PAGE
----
Donald John Zielinski passed into eternal rest on December 8, 2020 at Medilodge of GTC. Don was born February 26, 1940 in Detroit to the late Edward and Grasylda (Shukait) Zielinski. His brothers Robert and Edward preceded him in death.
After graduating from Redford High School, Don attended Michigan State University, where he met Linda Kay Scott. The couple was married on December 28, 1963. Don graduated from college in 1964 and soon landed a job as a public school science teacher. He literally missed his very first day of teaching when his first child, Bishop Chad Zielinski of Fairbanks, Alaska, was born. Chad was followed by four more children: Susan (John) McHarg of Alpena; Todd (Theresa) Zielinski of Gaylord; Jana (Doug) Hedglin of Tawas City; and Cirrae (Tom) Heise of Alpena. Don and Linda were later blessed with 18 grandchildren: Nevin and Garret McHarg; Joseph, Nathan, Anthony, John Paul, Maria, Andrew, Clare, and Anna Zielinski; Lauren, Connor, Chelsea, and Ethan Hedglin; Kirstin Zbytowski; and Chase, Sydney, and Allison Heise. The couple also are great-grandparents to Adeline, James, William, Henry and Eliana Zielinski.
Don spent most of his childhood in inner city Detroit, but his love for the great outdoors led him and Linda to move to northern Michigan, where they purchased a farm to raise their family in a more rural environment. Ever the science teacher, Don took regular walks with his children across their 120-acre farm, teaching them to identify plants, insects, and trees according to their Latin genius and species. Embedded in these lessons was a keen appreciation for the beauty and bounty of God’s creation, which he passed onto his children.
Don was blessed with a keen sense that all of creation—both the earth and its people—were infused with the divine life of God. Long before “all natural” was in vogue, he cultivated a half-acre garden that produced an annual cornucopia of organic vegetables for the family. His children were frequently reminded that the earth was a divine gift to human beings, who have a duty to be good stewards of it. Don also believed in sharing the earth’s bounty with others, reminding his children that, “Jesus lived this way and wants us to do the same.” This generous spirit was forged in childhood, when Don’s father passed away in his teens and he spent his own years as one of the poor and needy.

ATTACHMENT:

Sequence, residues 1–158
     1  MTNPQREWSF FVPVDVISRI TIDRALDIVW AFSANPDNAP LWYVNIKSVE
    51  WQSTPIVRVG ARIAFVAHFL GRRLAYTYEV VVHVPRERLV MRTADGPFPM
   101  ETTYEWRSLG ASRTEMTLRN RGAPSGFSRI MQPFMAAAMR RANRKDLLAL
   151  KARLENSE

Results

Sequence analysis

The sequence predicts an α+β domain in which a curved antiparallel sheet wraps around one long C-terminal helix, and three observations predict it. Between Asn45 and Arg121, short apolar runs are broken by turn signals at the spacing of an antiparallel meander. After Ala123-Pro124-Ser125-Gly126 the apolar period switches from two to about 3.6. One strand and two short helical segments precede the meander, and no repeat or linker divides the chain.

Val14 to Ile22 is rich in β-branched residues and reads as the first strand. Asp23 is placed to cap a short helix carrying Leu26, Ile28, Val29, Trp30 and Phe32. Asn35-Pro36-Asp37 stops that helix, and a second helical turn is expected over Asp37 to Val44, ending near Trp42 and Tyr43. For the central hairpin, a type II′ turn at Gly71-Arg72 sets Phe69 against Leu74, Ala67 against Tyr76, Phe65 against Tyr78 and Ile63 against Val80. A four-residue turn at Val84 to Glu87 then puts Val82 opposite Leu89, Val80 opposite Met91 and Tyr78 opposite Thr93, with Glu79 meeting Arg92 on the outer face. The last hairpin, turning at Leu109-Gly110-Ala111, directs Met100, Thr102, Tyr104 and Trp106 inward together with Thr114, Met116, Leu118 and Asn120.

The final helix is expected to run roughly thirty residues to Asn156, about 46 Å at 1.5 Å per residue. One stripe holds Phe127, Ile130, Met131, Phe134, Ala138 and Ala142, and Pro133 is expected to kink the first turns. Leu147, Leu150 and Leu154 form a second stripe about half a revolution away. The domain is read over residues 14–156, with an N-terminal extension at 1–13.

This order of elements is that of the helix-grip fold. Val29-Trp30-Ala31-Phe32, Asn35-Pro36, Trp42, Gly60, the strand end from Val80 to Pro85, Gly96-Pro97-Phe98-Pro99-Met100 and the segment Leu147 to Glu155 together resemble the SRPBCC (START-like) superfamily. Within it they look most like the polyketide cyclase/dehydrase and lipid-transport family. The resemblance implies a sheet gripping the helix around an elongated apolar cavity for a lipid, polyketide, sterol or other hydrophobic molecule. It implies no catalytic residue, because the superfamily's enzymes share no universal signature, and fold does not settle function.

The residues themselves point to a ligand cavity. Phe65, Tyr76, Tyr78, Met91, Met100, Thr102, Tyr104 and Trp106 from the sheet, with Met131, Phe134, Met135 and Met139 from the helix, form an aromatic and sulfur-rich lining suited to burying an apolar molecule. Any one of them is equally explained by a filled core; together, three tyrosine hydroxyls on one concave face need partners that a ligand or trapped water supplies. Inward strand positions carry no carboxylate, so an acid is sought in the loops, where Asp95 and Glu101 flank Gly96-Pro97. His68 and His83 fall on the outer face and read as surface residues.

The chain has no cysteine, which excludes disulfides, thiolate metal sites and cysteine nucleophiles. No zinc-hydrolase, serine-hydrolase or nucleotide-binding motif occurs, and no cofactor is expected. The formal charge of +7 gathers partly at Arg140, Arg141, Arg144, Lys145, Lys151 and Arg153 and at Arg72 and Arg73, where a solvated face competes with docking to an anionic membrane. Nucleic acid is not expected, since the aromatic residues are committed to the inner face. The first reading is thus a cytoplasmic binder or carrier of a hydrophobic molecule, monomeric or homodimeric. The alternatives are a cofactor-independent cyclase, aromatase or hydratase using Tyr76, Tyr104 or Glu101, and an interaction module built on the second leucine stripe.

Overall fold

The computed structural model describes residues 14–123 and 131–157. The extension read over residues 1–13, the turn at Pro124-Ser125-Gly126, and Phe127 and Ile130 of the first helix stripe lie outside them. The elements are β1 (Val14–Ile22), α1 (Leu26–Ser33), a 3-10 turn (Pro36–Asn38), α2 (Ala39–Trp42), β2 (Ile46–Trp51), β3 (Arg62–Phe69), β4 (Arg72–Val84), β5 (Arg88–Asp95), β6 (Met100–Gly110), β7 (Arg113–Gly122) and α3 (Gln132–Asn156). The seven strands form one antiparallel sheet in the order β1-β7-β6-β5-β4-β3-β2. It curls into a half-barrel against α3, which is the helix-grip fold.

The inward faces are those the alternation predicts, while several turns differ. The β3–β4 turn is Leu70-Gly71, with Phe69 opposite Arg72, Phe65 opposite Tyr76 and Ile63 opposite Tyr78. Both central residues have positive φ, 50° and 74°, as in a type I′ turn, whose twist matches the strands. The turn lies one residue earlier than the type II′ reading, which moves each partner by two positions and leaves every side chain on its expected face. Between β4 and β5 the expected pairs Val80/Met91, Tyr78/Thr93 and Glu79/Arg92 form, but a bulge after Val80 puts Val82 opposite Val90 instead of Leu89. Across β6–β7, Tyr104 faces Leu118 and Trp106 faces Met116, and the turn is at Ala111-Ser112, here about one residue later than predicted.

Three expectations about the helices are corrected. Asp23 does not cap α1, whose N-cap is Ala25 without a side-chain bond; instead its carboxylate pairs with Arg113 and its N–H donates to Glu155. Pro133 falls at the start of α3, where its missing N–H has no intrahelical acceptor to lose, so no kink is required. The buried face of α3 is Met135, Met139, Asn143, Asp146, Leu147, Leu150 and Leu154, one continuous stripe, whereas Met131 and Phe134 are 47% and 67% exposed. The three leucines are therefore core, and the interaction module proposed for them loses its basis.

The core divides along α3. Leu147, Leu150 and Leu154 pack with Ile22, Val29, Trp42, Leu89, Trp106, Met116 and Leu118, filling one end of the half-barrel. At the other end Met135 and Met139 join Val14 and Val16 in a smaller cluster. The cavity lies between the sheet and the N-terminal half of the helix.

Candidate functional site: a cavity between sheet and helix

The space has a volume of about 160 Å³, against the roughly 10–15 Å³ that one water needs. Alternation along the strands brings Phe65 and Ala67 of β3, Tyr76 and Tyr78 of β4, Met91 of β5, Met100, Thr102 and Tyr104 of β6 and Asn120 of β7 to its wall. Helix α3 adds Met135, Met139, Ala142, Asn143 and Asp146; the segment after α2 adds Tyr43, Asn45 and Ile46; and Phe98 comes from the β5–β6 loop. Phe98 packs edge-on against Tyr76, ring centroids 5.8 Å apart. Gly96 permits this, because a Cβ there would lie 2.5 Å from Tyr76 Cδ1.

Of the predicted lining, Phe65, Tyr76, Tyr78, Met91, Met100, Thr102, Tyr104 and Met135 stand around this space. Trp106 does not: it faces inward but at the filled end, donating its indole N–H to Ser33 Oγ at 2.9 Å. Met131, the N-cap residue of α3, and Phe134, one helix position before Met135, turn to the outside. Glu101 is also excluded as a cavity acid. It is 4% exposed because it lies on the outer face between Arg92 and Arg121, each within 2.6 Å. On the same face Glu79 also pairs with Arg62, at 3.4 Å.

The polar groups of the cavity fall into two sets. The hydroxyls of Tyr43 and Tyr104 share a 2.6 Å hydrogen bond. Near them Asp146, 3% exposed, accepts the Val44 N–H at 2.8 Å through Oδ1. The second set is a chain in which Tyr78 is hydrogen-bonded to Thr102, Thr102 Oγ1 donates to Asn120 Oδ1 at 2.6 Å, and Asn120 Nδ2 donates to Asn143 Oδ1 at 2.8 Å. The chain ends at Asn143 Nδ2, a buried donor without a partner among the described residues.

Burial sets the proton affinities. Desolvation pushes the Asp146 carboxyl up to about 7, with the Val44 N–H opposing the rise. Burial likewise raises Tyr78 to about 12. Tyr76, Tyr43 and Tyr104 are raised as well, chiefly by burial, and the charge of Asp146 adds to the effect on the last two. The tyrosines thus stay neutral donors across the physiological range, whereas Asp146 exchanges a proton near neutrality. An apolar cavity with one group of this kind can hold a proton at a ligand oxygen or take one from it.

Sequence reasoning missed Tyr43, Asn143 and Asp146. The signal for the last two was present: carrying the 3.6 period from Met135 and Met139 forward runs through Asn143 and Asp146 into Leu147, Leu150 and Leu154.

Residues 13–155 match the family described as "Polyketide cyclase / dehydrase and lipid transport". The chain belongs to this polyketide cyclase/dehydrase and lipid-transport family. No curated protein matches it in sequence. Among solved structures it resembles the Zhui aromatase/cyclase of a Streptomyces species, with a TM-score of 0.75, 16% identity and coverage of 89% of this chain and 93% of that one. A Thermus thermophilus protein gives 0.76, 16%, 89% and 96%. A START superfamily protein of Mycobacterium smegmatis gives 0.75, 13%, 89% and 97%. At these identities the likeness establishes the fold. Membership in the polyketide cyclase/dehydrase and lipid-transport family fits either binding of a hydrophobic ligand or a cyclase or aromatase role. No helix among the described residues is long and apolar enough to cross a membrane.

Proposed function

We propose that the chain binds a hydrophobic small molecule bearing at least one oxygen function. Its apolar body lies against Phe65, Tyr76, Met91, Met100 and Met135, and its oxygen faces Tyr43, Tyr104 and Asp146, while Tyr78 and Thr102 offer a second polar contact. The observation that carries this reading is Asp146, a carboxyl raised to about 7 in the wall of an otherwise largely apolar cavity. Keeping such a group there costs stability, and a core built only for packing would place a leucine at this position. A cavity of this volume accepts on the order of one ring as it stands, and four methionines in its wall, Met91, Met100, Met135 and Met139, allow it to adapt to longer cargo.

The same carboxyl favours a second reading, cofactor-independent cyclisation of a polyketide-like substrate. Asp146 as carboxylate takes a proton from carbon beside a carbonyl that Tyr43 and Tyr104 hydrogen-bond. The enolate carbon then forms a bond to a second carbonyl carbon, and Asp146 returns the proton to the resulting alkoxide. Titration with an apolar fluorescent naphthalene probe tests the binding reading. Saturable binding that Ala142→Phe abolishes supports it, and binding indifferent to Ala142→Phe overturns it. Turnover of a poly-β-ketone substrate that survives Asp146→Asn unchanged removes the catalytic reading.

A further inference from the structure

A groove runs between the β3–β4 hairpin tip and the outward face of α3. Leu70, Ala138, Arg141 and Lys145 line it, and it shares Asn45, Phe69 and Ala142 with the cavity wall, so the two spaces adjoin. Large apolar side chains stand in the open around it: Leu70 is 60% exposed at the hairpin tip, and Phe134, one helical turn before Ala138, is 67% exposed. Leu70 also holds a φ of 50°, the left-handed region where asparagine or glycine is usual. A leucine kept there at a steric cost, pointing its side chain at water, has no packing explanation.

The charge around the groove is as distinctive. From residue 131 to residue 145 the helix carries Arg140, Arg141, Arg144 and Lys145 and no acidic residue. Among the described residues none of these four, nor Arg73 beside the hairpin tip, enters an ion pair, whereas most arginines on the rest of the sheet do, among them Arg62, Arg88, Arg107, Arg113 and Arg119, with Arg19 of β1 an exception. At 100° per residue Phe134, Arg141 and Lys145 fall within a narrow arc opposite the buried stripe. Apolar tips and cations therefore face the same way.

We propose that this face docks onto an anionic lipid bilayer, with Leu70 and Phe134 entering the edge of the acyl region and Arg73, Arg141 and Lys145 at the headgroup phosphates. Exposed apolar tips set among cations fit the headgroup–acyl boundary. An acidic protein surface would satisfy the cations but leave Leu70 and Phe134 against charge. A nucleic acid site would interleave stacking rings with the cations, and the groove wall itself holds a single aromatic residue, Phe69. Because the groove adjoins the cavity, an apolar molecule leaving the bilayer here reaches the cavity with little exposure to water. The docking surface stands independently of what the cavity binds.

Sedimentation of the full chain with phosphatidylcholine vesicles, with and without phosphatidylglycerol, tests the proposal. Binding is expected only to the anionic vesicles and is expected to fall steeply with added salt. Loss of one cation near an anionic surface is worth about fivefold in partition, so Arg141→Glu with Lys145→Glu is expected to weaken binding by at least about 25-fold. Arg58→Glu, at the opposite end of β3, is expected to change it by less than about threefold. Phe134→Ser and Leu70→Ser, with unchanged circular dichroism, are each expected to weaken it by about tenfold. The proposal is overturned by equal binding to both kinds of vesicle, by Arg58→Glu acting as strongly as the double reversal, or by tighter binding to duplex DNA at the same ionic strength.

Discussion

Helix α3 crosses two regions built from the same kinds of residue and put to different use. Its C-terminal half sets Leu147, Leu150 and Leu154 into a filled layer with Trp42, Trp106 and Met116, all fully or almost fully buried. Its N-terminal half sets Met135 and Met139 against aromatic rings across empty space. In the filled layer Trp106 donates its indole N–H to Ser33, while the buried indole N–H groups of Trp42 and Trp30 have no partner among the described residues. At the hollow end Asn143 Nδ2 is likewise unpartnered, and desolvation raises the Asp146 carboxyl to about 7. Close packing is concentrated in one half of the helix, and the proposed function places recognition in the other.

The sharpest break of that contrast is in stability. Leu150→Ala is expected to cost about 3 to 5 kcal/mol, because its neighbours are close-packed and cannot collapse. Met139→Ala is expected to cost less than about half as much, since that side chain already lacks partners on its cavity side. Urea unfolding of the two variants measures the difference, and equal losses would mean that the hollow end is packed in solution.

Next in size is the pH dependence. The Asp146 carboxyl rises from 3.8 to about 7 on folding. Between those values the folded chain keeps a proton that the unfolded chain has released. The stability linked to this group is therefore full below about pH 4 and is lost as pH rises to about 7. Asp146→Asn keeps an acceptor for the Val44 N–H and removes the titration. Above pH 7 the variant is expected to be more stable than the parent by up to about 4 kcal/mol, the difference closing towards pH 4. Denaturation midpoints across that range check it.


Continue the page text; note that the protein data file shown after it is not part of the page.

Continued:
Concern for others, especially those who tend to be “left out,” was a frequently on his mind. At the dinner table, Don would inquire whether his children knew any classmates who were struggling academically or who had few friends. He would then remind them that “Jesus would want you to reach out to this person.” While others only saw a kid with low grades or a long disciplinary record, Don saw a child with great human dignity and a suffering heart. He saw God’s sacred footprint in every person, especially in the struggling, the poor, and the unborn, and spent more than 40 years serving the most vulnerable as a member of the St. Vincent de Paul Society and the local Right to Life.